Separating Church and State

By Fred Gielow
For eco-logic Powerhouse


The issue is not the separation of church and state. The issue is which church will be separated from state. I contend, first, that our Founding Fathers did not envision a state devoid of religious connections, even though that's where it appears some on the left wish to take us.

But second, and more interestingly, I contend a state devoid of religious connections is unattainable. If we ignore all of its trappings, religion, fundamentally, is a set of values, so even the unreligious have "religion." Even the atheist or agnostic embraces principles which moderate his thoughts and actions. He practices his own kind of religion, for religion is at core a philosophy of life.

And, that's the problem in the government schools. The separation-of-church-and-state soldiers have cast out all Christian elements, but the result is not a religious vacuum. The result is simply the empowerment of a "replacement" religion, such as humanism, or pantheism, or something else. And then school officials are puzzled when parents object to school programs and teachings that promote anti-Christian dogma. When Christian values are replaced with cheap substitutes, the new "values" will then establish the new religion, which will manifest itself in the curriculum and attitudes the students will consume.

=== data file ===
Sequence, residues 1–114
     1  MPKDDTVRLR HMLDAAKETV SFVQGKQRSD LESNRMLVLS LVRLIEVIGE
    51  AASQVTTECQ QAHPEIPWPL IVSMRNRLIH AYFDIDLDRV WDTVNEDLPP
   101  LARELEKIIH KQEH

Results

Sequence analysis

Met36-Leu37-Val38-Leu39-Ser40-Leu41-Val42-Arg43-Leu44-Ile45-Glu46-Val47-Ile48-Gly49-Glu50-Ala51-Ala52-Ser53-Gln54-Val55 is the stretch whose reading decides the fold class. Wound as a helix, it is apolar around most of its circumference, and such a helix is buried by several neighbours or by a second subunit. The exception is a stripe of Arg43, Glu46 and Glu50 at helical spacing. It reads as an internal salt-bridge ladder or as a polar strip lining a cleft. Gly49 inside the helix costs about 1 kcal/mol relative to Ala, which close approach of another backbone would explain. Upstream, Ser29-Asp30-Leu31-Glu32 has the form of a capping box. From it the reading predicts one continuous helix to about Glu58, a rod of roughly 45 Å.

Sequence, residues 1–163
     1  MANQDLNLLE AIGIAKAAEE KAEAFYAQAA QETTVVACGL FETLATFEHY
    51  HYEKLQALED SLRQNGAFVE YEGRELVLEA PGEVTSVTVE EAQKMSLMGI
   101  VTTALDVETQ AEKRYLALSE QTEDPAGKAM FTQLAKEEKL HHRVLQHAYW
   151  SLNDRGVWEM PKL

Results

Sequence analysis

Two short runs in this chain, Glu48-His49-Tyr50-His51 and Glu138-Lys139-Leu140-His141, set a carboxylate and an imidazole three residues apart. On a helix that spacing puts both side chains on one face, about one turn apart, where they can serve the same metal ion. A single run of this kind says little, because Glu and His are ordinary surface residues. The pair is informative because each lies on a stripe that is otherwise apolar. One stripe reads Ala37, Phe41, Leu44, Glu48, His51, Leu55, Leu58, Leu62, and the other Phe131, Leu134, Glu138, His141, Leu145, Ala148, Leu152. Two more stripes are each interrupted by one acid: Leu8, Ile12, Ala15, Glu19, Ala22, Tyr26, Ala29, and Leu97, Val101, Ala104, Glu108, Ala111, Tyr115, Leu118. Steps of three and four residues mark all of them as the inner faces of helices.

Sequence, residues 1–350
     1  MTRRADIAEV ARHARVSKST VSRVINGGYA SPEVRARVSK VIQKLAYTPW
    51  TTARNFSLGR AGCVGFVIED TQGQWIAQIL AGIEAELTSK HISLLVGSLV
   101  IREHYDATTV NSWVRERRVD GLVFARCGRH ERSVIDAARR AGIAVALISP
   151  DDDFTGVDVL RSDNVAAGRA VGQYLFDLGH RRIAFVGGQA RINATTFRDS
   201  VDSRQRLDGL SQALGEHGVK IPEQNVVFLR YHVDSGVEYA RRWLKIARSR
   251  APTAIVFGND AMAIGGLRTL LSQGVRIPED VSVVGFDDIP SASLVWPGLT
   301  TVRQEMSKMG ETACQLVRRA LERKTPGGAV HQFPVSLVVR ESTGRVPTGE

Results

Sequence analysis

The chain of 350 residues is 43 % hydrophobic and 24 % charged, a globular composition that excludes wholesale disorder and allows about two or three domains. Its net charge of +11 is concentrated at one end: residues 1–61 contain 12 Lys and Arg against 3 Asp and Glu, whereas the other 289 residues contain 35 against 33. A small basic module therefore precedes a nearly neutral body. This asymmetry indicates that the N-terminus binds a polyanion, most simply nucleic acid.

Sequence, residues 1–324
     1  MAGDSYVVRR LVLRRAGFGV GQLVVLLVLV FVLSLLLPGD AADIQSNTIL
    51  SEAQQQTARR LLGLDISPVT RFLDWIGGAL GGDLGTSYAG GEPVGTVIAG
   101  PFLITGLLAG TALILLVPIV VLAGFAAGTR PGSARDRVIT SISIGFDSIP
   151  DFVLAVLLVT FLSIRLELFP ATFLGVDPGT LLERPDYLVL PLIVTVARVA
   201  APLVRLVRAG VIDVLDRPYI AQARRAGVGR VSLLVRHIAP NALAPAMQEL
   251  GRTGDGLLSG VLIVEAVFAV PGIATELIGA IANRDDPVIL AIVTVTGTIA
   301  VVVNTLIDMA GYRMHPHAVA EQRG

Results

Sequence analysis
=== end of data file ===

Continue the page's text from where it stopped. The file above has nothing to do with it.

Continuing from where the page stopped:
And of course, this has been the objective all along.

As a matter of fact, it could be argued that the government schools today are more dedicated to the "values" business than they were 25 to 50 years ago. As Alan Caruba states in his article in the November 2003 DeWeese Report (page 4): "[T]he real [public school] curriculum is about instilling government-approved attitudes about a range of topics that parents often find appalling. These include environmental, spiritual, and sexual issues."

The U.N.'s Biodiversity Treaty states: "Nature has an integral set of different values (cultural, spiritual, and material) where humans are one strand of nature's web, and all living creatures are considered equal. Therefore, the natural way is the right way, and human activities should be molded along nature's rhythms." This is the essence of pantheism, and it is being taught today in government schools, all across the country.

Fred Gielow is the author of "You Don't Say," and is involved in property rights activities at:



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